Stevens testily insists that Alaska loves him.

TPMMuckraker points out that yesterday in a debate, primary challenger Vic Vickers asked Sen. Ted Stevens (R-AK) about the federal indictment he is facing on seven criminal counts. Stevens angrily responded that his Alaskan constituents don’t care about the investigation:

However, earlier this week, Alaskans calling into Alaska Talk Radio repeatedly asked Stevens about the corruption charges. He angrily refused to say whether he would accept a presidential pardon or why he won’t disclose the source of his legal fees, and at one point, seemed to challenge a caller to come and fight him. Listen here to highlights:

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HOST: Ok, let’s try some calls from Alaskans, if you’re ready, senator. Let’s go to Bill, who joins the program from Wasilla. Hello? Hello, Bill, you’re on Talk of Alaska with Ted Stevens.

BILL: Hi, thanks for taking my call. I understand that you can’t answer any specific questions about the nature of your current case in court, but I do have a question about how you’re paying your legal bills. I think, you know, in the context of a corruption case, it’s very important to know — that the voters here, your constituents, know who is footing the bill for your legal expenses. […]

STEVENS: I’m not hiding it at all. I’m not paying it from my campaign. There are rules that apply to the legal defense fund. We will abide by those rules. They do not call for disclosure until a specific time, and when that specific time arrives, it will be disclosed.

BILL: Do the rules say that you can’t disclose it right now? And if not, why not let people know right now?

STEVENS: I don’t know myself. But besides that, my answer is, you’re just trying to make it a political question. It’s not a political question. It is a legal question and it’s in court, and I am not going to take it into my campaign. […]

HOST: Ted Stevens is our guest on Talk of Alaska and Charles joins the program from Anchorage. Welcome to Talk of Alaska, Charles.

CHARLES: Hi, thanks for taking my call. Senator, my question is — and I know you’ve said you can’t discuss the specifics of your case and you feel you’re innocent — but if you are convicted, would you take a presidential pardon, or would you live with the court verdict?

STEVENS: Why would I cross a bridge I haven’t seen? I don’t know. I don’t know the answer to that question.

CHARLES: Well sir, I just think it’s something that the Alaskan public should know. If you —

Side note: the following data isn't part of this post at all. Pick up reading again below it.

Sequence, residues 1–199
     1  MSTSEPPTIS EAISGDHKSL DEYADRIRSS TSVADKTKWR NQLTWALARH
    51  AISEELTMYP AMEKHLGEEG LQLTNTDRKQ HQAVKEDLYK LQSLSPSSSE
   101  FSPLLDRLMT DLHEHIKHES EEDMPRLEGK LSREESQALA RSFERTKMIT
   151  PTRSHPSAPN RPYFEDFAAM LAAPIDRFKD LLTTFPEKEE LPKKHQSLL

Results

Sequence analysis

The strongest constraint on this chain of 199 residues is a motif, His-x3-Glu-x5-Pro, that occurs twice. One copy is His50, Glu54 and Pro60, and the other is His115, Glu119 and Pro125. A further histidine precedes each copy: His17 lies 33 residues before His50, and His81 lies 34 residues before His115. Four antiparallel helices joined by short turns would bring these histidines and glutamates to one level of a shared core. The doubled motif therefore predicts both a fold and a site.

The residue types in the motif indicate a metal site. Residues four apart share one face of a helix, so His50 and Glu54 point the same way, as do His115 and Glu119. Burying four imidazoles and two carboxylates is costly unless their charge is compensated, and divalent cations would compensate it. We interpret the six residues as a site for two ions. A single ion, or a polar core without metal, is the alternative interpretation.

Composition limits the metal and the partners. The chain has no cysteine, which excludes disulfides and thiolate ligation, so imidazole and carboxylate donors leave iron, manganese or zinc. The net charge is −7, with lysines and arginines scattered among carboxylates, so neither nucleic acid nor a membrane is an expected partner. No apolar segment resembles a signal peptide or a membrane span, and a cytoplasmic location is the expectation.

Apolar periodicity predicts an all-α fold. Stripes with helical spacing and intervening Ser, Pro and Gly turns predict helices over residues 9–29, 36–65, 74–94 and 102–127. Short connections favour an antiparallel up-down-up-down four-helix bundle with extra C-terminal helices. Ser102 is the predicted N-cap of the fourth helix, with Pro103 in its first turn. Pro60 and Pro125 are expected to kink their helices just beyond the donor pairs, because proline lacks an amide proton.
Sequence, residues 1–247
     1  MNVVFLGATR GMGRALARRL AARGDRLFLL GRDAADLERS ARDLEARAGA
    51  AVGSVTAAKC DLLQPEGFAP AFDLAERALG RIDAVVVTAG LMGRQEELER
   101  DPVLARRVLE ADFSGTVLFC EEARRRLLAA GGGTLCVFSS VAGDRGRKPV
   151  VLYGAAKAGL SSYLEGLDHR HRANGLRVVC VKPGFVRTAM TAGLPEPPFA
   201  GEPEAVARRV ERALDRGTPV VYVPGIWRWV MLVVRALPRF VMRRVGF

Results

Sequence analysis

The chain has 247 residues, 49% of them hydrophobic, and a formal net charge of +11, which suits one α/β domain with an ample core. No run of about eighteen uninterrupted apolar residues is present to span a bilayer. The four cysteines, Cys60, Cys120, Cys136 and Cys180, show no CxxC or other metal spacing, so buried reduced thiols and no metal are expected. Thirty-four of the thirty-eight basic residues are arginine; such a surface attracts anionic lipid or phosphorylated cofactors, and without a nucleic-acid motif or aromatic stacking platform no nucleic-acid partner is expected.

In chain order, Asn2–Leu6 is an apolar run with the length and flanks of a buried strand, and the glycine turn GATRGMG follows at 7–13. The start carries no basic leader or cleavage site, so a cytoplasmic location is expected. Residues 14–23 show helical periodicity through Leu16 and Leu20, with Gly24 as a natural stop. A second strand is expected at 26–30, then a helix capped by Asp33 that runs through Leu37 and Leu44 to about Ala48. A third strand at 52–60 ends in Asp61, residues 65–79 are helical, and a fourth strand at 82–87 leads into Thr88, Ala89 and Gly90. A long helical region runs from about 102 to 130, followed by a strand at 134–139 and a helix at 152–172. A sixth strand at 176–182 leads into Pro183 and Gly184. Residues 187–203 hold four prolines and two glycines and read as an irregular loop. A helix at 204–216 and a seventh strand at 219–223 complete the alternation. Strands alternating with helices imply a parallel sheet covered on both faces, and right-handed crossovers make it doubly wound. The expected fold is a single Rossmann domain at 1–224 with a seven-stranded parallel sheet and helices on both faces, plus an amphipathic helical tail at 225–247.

STEVENS: Why? Why? You tell me why. They’re not — I’ve been around the state — I — You —

This morning, I have had more questions about the case and what I would do if I lost it than I have had in the last month. So —

CHARLES: Well, sir, I believe this is only the second question about the case, and I think it’s a fair one.

STEVENS: That’s the second question I’ve had state-wide. […]

CALLER: Can you see how the appearance of impropriety is there for sweetheart deals, like these?

STEVENS: What’s sweetheart about it? …. There’s nothing sweetheart about it at all.

CALLER: I certainly can’t get that kind of return on my money. I wish I could —

STEVENS: I can’t either. I can’t either. Mine is in a bank now, and I get bank returns. Ok? […]

HOST: Ok, let’s go to Dan who joins the program from Fairbanks. Welcome to Talk of Alaska, Dan.

DAN: Hello, gentlemen. Senator, regarding the criminal indictments, I understand —

HOST: Oh, no, not again!

DAN: Yeah, well, you have to be accountable to your constituents. You don’t have to refuse to talk about these actions. You choose to, to protect yourself. Don’t you think you should be accountable to the people who elected you, regardless of your legal predicament? Either you took expensive gifts from Allen and VECO, or you didn’t. Who would know you took a cabinet full of tools, a gas grill, or traded a 35-year old car for a $44,000 one. So did you, or didn’t you?

HOST: I’m not sure we can get an answer on that.

DAN: Well, how about letting the senator answer?

STEVENS: Well go talk to the FBI. Ask them that question, will you please? Thanks again. Good-bye. Good-bye.

DAN: Well, I think —

STEVENS: Good-bye.

HOST: You know, you’ve made the point, as you wished to make it. It is the subject of a trial and I think it’s only legitimate that he not speak about it, and it’s also a rule I agreed to before the program. And that’s just the way it is, Dan.

STEVENS: Also, see, remember now, if I made a comment on this program that could be interpreted as influencing a potential juror, I could be accused of —

HOST: Yes!

STEVENS: — influencing the jurors.

HOST: Absolutely, absolutely.

DAN: Excuse me, Steve, but the senator is a big boy and can take care of himself. He’s been in the game a long time.

STEVENS: You’re damned right I can take care of myself. Any time you want to come, friend.